The American state of California has been pummeled by flash floods and heavy rains this past week as a result of an “atmospheric river,” officials said.
Governor Gavin Newsom has declared a state of emergency in several southern counties including Los Angeles and San Diego as a result of the torrential rains brought on by the atmospheric river.
These atmospheric rivers have resulted in “the wettest storm systems to impact the greater Los Angeles area,” Ariel Cohen, chief National Weather Service (NWS) meteorologist told Reuters.
California, a state on the west coast of the US, is known for extreme weather events, including torrential downpours, earthquakes, landslides, and torrid winds that can cause wildfires.
What are atmospheric rivers?
Atmospheric rivers are a powerful weather phenomenon often nicknamed “sky rivers” for their ability to transport immense amounts of moisture. Imagine a river, but instead of water, it flows with concentrated water vapor, stretching thousands of miles across the sky.
As they encounter landmasses, especially mountains, they are forced to rise higher into the atmosphere. This ascent cools the water vapor within the river, causing it to condense into raindrops or snow.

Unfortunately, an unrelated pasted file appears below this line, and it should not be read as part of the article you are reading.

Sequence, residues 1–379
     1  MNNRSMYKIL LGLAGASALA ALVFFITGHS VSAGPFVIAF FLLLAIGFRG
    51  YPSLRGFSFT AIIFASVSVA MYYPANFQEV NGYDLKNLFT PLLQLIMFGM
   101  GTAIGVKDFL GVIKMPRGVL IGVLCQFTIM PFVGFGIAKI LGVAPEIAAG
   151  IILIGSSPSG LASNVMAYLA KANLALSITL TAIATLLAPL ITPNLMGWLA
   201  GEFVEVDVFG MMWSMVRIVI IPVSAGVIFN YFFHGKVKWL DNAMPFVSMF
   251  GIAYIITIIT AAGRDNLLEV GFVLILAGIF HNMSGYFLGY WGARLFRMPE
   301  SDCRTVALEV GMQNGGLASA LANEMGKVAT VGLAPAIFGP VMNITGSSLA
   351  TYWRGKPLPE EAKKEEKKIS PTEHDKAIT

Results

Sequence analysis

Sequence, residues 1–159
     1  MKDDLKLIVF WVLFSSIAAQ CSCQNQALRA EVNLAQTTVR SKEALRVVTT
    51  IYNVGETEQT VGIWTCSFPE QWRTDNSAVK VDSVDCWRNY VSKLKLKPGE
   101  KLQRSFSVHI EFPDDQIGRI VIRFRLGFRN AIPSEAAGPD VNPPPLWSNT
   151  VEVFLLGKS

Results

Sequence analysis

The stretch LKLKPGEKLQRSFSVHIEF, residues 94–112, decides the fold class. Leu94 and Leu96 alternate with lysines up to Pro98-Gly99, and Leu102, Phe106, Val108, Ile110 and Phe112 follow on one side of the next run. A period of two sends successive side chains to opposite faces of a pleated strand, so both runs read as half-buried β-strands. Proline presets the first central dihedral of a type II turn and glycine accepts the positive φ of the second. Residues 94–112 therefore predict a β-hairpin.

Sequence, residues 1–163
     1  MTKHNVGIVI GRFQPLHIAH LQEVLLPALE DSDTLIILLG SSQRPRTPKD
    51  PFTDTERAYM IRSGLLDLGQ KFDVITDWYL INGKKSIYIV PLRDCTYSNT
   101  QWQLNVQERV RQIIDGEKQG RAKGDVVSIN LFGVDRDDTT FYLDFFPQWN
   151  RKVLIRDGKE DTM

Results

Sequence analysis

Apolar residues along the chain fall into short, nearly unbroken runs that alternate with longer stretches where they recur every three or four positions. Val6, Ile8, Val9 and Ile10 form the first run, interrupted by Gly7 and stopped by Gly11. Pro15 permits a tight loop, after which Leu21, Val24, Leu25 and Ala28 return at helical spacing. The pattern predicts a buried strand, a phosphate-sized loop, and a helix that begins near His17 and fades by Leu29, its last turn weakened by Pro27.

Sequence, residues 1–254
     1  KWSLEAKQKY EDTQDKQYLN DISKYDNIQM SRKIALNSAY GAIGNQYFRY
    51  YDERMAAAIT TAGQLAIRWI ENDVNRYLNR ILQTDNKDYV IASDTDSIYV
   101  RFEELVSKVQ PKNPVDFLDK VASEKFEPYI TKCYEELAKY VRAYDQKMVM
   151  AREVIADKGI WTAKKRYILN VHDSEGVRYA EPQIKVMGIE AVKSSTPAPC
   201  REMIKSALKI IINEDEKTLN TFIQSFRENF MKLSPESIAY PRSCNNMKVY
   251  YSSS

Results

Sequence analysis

The “Pineapple Express” is a well-known atmospheric river that delivers moisture-laden air from the warm waters near Hawaii all the way to the US west coast.
In the region, atmospheric rivers deliver 30-50% of annual precipitation, acting as a crucial source of water for the region.
They replenish reservoirs, nurture forests, and sustain diverse ecosystems. However, these sky rivers can turn dangerous if too powerful, unleashing torrential downpours, and leading to devastating floods, mudslides, and even wildfires.
Image: National Oceanic and Atmospheric Administration
These sky rivers, though narrow by extreme weather event standards, can be 300 miles wide and are formed by winds associated with cyclones. Some are gentle and beneficial to a drought-prone state like California, but the strong ones can be devastating.
In fact, between 1950 and 2010, 33% to 74% of droughts on the west coast were ended by these very storms.
These bands of moisture can transport water vapor at 7 to 15 times the rate of the Mississippi river every day. While they might seem “narrow” compared to vast weather systems, they can stretch hundreds to thousands of miles long and be up to 300 miles wide, according to the National Oceanic and Atmospheric Administration (NOAA) and the US Geological Survey (USGS).
Globally, about 4-5 atmospheric rivers hold a staggering 90% of the water vapor traveling towards the earth’s poles. These narrow bands of moisture might seem insignificant, covering less than 10% of the planet’s circumference, but their impact is colossal.
These sky rivers can affect people worldwide, delivering over half the annual water runoff in the coastal areas of North and South America, western European countries like France, Spain, Portugal, and the United Kingdom, as well as Southeast Asia and New Zealand.